“Among the atrocities that have faced people of color for centuries, the practice of housing discrimination and redlining is unique in its generational impact on the community,” Roman Jasso writes in this racial justice essay.
“We cannot let history keep repeating itself, so we must educate ourselves on (police brutality in America) and enforce ways to stop it,” January Jackson writes in this racial justice essay.
“From its inception, Hollywood has been systematically dominated by white male filmmakers and producers, catering to a predominantly white audience,” Zora Lotton-Barker writes in this essay.
“I’m scared when my father goes out for a run, or when I see my cousins wearing hoodies. I’m constantly wondering: will one of my family members become a hashtag?” Ryan Brown writes in this essay.
Community members will gather this week to mark the one-year anniversary of the violent U.S. Capitol insurrection.
“The ‘Free State Narrative’ is toxic to understand what really happened in Kansas and obscures how much the state did not live up to its purported openness and tolerance,” Kerry Altenbernd writes in this column.
“On that Saturday morning by the Kansas River, as soil was scooped into glass jars and carnations placed on top of each, a spirit moved among the crowd. They had gathered there, near Lawrence City Hall, to commemorate the victims of a lynching nearly 140 years ago,” Clay Wirestone writes in this column for Kansas Reflector.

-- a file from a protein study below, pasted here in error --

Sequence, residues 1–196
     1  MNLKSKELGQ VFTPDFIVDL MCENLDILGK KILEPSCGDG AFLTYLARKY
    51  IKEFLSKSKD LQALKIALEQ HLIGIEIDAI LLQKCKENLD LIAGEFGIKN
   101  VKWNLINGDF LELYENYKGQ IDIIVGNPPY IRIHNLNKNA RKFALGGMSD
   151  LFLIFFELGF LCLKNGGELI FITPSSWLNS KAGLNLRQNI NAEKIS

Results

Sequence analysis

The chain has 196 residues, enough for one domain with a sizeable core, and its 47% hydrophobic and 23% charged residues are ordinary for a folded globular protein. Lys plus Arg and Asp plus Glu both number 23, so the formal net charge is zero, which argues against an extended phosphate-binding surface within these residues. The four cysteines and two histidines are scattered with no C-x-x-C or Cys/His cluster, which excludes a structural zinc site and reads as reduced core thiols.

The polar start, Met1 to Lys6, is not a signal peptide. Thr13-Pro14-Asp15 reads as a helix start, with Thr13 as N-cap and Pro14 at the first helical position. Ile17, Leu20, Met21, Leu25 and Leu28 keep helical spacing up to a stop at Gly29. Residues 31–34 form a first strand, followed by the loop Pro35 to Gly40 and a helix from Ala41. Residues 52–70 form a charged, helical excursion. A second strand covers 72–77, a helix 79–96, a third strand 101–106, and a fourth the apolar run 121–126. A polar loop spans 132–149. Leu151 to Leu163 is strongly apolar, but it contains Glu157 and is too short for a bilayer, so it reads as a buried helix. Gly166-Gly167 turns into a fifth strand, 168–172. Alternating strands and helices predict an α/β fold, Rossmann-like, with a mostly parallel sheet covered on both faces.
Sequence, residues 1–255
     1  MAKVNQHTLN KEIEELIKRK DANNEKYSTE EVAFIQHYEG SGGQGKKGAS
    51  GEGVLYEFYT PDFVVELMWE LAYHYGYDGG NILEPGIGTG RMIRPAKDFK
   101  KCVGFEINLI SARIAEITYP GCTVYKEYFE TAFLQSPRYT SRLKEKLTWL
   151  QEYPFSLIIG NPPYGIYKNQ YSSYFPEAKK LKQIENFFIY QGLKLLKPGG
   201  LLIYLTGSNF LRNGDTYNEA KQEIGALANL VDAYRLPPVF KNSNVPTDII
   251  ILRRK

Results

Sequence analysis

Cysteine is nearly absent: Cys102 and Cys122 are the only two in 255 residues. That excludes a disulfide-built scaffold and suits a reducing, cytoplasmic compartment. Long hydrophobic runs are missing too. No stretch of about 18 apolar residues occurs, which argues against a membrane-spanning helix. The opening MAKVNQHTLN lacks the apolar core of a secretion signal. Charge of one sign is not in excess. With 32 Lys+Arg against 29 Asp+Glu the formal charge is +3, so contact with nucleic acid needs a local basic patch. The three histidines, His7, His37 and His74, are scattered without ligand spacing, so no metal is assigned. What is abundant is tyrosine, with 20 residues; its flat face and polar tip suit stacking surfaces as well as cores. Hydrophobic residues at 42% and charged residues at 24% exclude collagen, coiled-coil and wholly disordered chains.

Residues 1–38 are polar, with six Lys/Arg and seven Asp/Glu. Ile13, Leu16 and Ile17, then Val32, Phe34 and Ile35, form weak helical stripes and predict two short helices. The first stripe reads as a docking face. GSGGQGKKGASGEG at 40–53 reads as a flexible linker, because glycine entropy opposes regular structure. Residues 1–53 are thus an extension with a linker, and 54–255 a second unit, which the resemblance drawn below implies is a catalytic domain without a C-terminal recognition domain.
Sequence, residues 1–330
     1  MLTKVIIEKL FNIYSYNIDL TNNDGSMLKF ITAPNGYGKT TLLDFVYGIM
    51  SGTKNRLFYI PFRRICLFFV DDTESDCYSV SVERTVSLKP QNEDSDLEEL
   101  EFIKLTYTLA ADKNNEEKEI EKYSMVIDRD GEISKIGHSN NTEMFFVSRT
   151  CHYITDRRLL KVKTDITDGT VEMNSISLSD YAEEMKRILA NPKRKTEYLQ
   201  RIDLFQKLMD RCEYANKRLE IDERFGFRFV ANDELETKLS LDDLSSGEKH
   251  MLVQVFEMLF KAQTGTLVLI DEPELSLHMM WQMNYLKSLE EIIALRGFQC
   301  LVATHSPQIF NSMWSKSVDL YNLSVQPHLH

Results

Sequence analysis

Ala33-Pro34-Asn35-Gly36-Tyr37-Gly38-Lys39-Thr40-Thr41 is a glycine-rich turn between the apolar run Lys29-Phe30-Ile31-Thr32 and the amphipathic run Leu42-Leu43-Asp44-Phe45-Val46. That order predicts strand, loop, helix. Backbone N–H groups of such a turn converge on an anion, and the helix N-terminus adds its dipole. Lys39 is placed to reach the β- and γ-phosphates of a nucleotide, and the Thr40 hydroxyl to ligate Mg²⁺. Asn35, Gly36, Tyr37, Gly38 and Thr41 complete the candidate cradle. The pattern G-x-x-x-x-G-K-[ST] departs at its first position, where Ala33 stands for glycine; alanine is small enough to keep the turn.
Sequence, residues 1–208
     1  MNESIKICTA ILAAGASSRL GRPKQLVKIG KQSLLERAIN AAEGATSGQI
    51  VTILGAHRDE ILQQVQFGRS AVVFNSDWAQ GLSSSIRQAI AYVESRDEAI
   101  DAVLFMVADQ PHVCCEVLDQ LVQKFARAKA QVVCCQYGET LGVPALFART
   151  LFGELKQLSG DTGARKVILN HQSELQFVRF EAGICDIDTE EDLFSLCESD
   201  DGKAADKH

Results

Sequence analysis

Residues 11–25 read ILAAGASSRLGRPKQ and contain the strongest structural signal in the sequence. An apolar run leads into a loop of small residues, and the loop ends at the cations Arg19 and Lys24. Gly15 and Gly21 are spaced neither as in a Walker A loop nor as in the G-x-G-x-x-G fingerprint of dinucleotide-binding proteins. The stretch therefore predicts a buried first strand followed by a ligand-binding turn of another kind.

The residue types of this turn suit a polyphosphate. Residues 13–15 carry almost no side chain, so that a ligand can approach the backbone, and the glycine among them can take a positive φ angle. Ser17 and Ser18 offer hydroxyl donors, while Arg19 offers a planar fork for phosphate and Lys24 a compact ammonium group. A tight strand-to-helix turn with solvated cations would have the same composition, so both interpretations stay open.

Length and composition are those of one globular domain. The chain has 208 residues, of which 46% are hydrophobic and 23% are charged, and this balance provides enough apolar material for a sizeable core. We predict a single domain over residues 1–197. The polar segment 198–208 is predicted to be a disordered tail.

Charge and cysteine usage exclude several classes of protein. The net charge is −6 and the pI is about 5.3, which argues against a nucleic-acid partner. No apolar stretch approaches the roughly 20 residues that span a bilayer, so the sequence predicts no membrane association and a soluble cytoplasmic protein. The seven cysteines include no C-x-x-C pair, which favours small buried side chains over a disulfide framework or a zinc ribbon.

Remembering what happened to three Black men lynched in Lawrence more than 139 years ago is crucially important to improving racial equity now, Lawrence NAACP chair Ursula Minor said Thursday.
“Although separated by 140 years, the racial violence of 1882 is not disconnected from the systems of racial oppression and white supremacy that continue to flourish in our criminal justice, education, healthcare, housing — all of the systems that are foundational in this community,” Edith Guffey writes in this column.
Soil recently collected from near where three Black men — Pete Vinegar, Isaac King and George Robertson — were lynched in Lawrence on June 10, 1882 will serve as the latest memorial of one of the community’s darkest days.
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